Update: 21 November 2016 – I now recommend Riot (which is based on Matrix) as the best encrypted messenger, as it has similar security to Wire / Signal and it is decentralized, making users independent from any particular provider.
The encrypted messaging app Wire recently open-sourced its client code. Wire is a very well-made messenger with many more features than Signal; and it has end-to-end encrypted multi-party audio calls and video chats which makes it a useful addition to Signal and other encrypted messengers. While they offer desktop apps for Windows and OS X for download, no packaged apps exist for Linux. In this post, I will briefly explain how to create an installable Ubuntu package of the Wire desktop app.
It has to be said, first, that the Wire client code is no Free Software – it does not allow for all the rights that go with genuine open source licenses –, the server is still closed-source, and there is no decentralization. In these respects, I am still putting my hopes on Matrix, once they’ve implemented end-to-end encryption, to provide a more usable and more open form of messaging and group calls.
But until that happens, Wire might be the only usable Skype alternative for someone like me who has to participate regularly in group calls as part of my job. Signal does not have group call functionality and programs like Tox and Ring are not usable enough for recommending them to less technically inclined colleagues. They also don’t have mobile versions that are ready for everyday use.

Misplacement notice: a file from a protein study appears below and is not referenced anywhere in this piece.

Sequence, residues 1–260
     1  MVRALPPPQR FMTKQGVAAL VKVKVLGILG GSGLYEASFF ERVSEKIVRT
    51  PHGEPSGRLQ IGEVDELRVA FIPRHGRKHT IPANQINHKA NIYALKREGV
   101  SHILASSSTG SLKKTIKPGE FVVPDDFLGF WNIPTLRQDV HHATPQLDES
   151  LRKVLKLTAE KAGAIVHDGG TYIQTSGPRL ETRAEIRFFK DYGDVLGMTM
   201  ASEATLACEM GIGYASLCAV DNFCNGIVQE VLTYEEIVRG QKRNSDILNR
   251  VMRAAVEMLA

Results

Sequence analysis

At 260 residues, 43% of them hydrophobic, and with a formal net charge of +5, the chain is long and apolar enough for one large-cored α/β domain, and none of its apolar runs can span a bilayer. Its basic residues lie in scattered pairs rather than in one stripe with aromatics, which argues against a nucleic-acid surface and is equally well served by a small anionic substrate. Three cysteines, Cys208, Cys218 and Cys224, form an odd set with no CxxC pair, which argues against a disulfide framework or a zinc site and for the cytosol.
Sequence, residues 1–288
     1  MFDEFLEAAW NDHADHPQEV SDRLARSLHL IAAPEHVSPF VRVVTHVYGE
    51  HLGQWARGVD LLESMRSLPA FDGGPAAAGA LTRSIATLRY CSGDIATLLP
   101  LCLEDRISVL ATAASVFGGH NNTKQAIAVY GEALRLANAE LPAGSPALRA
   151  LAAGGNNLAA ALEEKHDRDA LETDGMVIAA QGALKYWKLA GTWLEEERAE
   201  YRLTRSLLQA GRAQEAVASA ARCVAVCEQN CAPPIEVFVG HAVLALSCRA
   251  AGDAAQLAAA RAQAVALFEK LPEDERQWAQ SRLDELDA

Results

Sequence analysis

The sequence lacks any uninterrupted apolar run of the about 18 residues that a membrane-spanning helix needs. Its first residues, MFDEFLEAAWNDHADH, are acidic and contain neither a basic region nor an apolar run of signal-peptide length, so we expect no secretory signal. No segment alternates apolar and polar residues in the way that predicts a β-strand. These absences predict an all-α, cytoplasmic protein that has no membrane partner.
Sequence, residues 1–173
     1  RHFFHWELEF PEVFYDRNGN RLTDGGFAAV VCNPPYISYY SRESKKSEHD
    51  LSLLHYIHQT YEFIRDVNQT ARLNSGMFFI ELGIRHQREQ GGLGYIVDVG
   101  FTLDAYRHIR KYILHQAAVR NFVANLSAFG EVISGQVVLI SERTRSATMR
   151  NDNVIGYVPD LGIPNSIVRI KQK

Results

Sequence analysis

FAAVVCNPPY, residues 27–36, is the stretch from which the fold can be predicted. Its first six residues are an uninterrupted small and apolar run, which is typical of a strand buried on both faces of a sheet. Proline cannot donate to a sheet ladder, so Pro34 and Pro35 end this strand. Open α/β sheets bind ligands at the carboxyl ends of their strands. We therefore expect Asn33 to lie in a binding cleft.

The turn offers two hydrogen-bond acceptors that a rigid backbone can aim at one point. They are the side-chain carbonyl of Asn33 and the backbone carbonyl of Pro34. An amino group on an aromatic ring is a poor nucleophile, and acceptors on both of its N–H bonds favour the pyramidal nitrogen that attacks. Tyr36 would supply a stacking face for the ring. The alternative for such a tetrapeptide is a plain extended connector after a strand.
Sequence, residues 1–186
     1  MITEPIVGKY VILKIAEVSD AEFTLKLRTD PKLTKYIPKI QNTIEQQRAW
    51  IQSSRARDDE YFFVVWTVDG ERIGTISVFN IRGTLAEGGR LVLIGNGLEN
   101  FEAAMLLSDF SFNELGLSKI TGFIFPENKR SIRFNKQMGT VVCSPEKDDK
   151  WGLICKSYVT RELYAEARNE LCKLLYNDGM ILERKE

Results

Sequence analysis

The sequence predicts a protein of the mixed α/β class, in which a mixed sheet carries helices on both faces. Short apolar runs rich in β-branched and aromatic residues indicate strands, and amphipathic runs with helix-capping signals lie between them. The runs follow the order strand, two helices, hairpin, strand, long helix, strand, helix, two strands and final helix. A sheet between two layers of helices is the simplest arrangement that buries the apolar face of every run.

Thus, for people who want to leave Skype for a more secure alternative, Wire is very attractive. However, for Linux users, the only option so far has been to login via the Wire web app (which defeats the point of end-to-end encryption to some extent).
As Wire has now published the source code for its desktop app, it is really easy to create a .deb package for Ubuntu.
Update Feb 2017: The instructions below are outdated. Wire now seemingly provides Linux packages on their download page.
If you don’t you can install these packages as follows in Ubuntu:
After having done this, you have to perform the following steps:
1 2 3 4 5
This will leave you (if everything works) with a .deb file in the
wrap/installers directory that you then can install with
sudo dpkg -i wrap/installers/*.deb. Afterwards, you will can start the desktop app with
/usr/share/wireinternal/Wire. For some reason, it does not get added to the desktop menu, but under Unity you can pin it to your quick start panel once you have started it once manually.~~